The findings challenge traditional thinking about depression, showing what might be considered a risk gene for depression in one context, may actually be beneficial in another.
Researchers at the University of Melbourne were interested in why some, but not all adults who have experienced sexual or physical abuse as children go on to develop long-term depression.
The research focused on a particular gene, known as SERT, that transports the mood-regulating chemical, serotonin. Every person has one of three types of SERT gene, either the long-long (l/l), the short-long (s/l), or the short-short (s/s).
In the future, the gene could signal a person's susceptibility to depression, particularly if they have a history of child abuse. And it may help doctors identify patients who need extra assistance to recover from depression.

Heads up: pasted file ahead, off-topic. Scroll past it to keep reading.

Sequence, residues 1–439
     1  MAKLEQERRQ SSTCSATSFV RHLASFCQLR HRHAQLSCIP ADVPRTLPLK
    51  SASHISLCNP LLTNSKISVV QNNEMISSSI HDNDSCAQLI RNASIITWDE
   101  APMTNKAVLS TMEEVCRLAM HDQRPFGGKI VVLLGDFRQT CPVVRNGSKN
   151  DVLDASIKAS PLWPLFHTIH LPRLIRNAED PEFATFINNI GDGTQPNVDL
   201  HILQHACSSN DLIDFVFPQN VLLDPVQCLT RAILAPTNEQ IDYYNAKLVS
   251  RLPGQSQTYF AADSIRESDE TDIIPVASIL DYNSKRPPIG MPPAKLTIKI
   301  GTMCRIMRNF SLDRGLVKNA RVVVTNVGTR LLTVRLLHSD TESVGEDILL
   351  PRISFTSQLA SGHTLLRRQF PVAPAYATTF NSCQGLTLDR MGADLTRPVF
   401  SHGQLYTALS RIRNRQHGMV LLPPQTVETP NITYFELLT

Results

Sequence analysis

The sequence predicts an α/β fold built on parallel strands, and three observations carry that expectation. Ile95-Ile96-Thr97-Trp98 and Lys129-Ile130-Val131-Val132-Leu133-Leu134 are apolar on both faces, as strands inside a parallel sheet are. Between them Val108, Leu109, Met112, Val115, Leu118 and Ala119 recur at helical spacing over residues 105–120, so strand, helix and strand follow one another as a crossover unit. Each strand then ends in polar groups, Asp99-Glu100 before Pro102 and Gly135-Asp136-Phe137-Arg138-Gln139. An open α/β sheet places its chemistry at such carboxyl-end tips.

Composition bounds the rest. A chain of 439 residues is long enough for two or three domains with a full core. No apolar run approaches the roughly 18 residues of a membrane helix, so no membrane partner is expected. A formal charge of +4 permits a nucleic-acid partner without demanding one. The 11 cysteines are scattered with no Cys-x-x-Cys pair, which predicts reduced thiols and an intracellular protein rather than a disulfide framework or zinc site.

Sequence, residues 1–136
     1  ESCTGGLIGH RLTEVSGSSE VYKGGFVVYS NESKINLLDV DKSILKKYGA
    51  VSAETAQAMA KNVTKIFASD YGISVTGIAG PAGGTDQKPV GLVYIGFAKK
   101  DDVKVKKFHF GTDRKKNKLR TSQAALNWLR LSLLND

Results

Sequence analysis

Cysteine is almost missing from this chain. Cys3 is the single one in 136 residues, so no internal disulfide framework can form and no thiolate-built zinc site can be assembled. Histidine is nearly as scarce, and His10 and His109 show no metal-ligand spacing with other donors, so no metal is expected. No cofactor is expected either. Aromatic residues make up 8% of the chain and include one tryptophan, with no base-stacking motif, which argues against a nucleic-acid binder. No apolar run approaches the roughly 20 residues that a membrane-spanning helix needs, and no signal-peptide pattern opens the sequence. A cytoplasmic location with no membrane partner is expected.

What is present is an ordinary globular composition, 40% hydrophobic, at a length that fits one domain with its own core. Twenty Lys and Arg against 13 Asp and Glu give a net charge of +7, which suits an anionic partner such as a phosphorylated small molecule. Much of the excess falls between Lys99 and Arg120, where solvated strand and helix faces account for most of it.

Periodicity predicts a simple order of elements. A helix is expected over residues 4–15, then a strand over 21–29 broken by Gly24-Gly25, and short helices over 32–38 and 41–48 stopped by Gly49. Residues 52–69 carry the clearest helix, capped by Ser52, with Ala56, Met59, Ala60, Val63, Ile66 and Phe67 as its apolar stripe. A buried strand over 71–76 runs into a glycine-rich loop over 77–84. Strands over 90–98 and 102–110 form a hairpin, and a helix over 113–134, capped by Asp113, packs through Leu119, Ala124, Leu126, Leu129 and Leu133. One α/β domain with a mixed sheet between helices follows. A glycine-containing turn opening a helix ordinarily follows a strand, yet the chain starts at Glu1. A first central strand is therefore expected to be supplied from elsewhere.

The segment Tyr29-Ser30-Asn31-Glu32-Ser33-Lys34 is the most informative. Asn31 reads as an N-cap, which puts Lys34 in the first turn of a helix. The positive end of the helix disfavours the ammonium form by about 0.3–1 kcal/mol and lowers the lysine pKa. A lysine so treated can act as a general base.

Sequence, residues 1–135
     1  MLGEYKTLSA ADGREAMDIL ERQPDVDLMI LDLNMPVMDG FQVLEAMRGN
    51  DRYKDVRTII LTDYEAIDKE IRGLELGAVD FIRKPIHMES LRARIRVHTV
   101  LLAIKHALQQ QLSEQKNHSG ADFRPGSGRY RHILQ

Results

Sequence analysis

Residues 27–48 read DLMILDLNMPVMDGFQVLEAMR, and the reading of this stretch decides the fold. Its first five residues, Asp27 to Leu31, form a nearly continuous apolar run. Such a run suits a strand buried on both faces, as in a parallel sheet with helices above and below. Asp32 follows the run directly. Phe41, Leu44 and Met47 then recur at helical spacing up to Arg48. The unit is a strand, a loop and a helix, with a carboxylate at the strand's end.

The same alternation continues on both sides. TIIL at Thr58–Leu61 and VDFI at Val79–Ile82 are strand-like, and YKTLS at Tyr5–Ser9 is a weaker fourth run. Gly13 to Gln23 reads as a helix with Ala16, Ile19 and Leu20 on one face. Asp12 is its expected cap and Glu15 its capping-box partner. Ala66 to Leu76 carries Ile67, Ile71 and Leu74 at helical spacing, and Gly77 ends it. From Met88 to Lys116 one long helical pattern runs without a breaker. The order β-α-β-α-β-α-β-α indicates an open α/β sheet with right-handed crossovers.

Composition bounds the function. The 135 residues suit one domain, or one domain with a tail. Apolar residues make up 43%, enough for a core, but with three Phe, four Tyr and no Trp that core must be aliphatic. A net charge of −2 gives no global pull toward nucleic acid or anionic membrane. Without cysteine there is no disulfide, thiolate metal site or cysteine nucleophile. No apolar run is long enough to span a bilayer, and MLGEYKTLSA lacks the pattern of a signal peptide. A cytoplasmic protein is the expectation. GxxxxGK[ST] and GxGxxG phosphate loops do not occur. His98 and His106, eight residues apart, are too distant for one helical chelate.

Lead investigator Chad Bousman said while the relationship between the SERT gene and depression has been studied before, it has never been examined over time.
He said that the results suggest some people have a genetic makeup that makes them more susceptible to negative environments, but if put in a supportive environment these same people are likely to thrive.
He said this is good news for people experiencing depression and their treating health professionals.
The study is published in British Journal of Psychiatry Open. (ANI)